Update 3: Here's the story of how panicking just enough may have saved Google's answer to Facebook and Twitter.
Update 2: Google has made further changes that address most -- but not all -- of our concerns.
Update 1: Google released some privacy fixes for Buzz. They're a nice start, but we don't think they go far enough. Read more here: Sorry, Google's Improvements To Buzz Don't Fix Privacy Flaw
Earlier: There is a huge privacy flaw in Google's new Twitter/Facebook competitor, Google Buzz.
When you first go into Google Buzz, it automatically sets you up with followers and people to follow.
A Google spokesperson tells us these people are chosen based on whom the users emails and chats with most using Gmail.
The problem is that -- by default -- the people you follow and the people that follow you are made public to anyone who looks at your profile.
In other words, before you change any settings in Google Buzz, someone could go into your profile and see the people you email and chat with most.
A Google spokesperson asked us to phrase this claim differently. Like this: "In other words, after you create your profile in Buzz, if you don't edit any of the default settings, someone could visit your profile and see the people you email and chat with most (provided you didn't edit this list during profile creation)."
(Freaking out already? Here's how to IMMEDIATELY make these list private and then edit them >)
It also says -- albeit in tiny gray letters against a white background, "Your profile includes your name, photo, people you follow, and people who follow you."
But it does not say that these publicly viewable follower lists are made up of people you most frequently email and chat with.
Even if it did say that, we doubt most users bother to read the text in the dialogue box before clicking "save profile and continue."
(This is why it's always safest for Web services providers to make it so sharing information is always an "opt-in," rather than "opt-out," setting. Just ask Facebook, which still remembers Beacon.)
There is also a "Welcome To Buzz" panel that shows who you are following and who is following you. In a long bit of unbolded text, it says "Buzz is a new way to share updates, photos, videos and more, and start conversations about the things you find interesting. You're already set up to follow the people you email and chat with the most."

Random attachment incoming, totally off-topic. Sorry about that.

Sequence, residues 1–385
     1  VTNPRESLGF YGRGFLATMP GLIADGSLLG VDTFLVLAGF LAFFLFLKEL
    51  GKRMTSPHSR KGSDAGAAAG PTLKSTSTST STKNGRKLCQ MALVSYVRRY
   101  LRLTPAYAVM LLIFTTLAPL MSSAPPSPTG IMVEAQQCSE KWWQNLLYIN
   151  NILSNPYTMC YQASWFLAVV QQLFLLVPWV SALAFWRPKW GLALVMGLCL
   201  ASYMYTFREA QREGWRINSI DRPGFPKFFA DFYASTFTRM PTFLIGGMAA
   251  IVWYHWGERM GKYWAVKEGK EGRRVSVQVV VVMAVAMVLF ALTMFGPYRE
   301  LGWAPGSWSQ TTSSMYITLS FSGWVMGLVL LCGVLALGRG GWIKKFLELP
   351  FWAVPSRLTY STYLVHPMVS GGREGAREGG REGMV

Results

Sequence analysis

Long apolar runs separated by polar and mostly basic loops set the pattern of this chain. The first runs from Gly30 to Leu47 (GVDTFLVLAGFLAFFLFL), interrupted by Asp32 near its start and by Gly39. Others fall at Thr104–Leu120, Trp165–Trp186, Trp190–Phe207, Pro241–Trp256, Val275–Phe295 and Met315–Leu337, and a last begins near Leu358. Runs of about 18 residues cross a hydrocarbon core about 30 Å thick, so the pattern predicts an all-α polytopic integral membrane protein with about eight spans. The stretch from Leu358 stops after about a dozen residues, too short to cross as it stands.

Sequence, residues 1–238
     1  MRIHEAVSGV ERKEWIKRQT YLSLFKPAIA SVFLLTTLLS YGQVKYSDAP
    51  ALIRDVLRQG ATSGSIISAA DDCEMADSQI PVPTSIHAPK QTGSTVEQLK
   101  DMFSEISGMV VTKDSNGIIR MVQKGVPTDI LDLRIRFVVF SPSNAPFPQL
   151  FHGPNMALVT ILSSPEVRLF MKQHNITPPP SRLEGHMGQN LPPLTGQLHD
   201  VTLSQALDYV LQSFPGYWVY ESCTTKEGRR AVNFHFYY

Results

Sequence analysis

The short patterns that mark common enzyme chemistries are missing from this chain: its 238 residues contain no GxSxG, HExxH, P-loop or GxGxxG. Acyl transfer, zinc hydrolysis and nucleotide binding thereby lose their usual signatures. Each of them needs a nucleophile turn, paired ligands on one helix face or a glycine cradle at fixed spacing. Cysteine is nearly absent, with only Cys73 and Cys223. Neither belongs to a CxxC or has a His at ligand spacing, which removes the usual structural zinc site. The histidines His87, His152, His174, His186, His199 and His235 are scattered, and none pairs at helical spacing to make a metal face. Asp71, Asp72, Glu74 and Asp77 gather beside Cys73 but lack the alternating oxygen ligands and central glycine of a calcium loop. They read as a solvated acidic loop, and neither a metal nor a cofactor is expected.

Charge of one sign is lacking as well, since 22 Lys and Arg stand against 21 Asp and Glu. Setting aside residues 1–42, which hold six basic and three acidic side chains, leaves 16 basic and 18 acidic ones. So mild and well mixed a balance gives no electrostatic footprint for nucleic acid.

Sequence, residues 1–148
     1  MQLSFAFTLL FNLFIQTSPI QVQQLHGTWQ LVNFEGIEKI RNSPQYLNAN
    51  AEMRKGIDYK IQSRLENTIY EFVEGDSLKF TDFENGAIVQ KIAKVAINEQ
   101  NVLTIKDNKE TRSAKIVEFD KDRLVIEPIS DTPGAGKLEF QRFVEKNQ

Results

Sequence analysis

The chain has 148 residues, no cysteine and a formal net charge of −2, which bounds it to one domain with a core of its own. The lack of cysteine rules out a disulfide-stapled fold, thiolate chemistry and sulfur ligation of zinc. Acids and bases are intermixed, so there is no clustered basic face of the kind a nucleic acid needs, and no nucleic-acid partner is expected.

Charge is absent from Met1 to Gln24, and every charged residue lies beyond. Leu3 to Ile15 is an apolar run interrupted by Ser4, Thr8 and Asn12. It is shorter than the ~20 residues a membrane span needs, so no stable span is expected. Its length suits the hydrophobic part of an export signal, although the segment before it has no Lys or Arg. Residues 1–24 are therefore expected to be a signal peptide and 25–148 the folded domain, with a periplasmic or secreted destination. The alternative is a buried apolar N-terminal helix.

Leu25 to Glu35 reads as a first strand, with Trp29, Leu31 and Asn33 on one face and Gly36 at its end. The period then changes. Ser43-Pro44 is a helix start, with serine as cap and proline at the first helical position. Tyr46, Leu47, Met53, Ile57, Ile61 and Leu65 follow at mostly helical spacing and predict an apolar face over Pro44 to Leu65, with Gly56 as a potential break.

If a user notices the box, it might help users "catch" that they might be following people they don't want the world to know they're following. But you don't have to close the box to use Buzz. Closing the box does not trigger a warning or anything else that alerts the user they've agreed to publish a list of the people they email and chat with most.
It looks like this:
The whole point is: Google should just ask users: "Do you want to follow these people we've suggested you follow based on the fact that you email and chat with them? Warning: This will expose to the public who you email and chat with most." Google should not let users proceed to using Buzz until they click, "Yes, publish these lists."
In my profession -- where anonymous sourcing is a crucial tool -- the implications of this flaw are terrifying.
But it's bad for others too. Two obvious scenarios come to mind:
- Imagine if a wife discovering that her husband emails and chats with an old girlfriend a ton.
- Imagine a boss discovers a subordinate emails with executives at a competitor.
A Google spokesperson tells us the followers lists are public by default so that people can quickly find new people to follow. Obviously, that's a good thing for Google, which is hoping to get as many people using Google Buzz as soon as possible. It's also meant to be helpful for users. And for those who are unconcerned with telling the world who they email most, it is. But for everyone else, it's terrible.
It gets to a deeper problem with Google Buzz: It's built on email, which is a very different Internet application than a social network.
The good news for Google is that this is a very easy problem to fix. Google must either shut off auto-following, or it must make follower lists private by default as soon as possible.
Update: We've updated this post to emphasize that there are a few instances where Google does allow users to opt-out of inadvertently publishing a list of the people they email and chat with most.
We continue to believe these chances to opt-out do not force the user to make a real choice about this setting.
We believe Google could and should simply make this feature "opt-in" so that people know what they're doing.
We're stunned the people at Google don''t agree. We bet they change their minds.
On that point, here's a statement from Google:
"We thought very carefully about how to create a great experience in Google Buzz with as minimal setup as possible. We designed our auto-following system to enable users to immediately see content from the people they email and chat with most, so when they start using Buzz, it "just works." If users are automatically followed to anyone they'd rather not follow, it's easy to remove these individuals during the auto-following step by clicking on the "edit" link and then clicking "unfollow" next to their names.
After that, the first time the user creates a post or comment, we ask them to create a profile, principally so they have a name to display next to their post. There's more information on why you need a profile here: http://mail.google.com/support/bin/answer.py?hl=en&answer=17073. In this profile creation step, we inform users that the lists of people they follow and people following them will be displayed on their profile, and make it easy to view and edit these lists. We also make it possible to hide the lists of people they're following and people following them from their profile."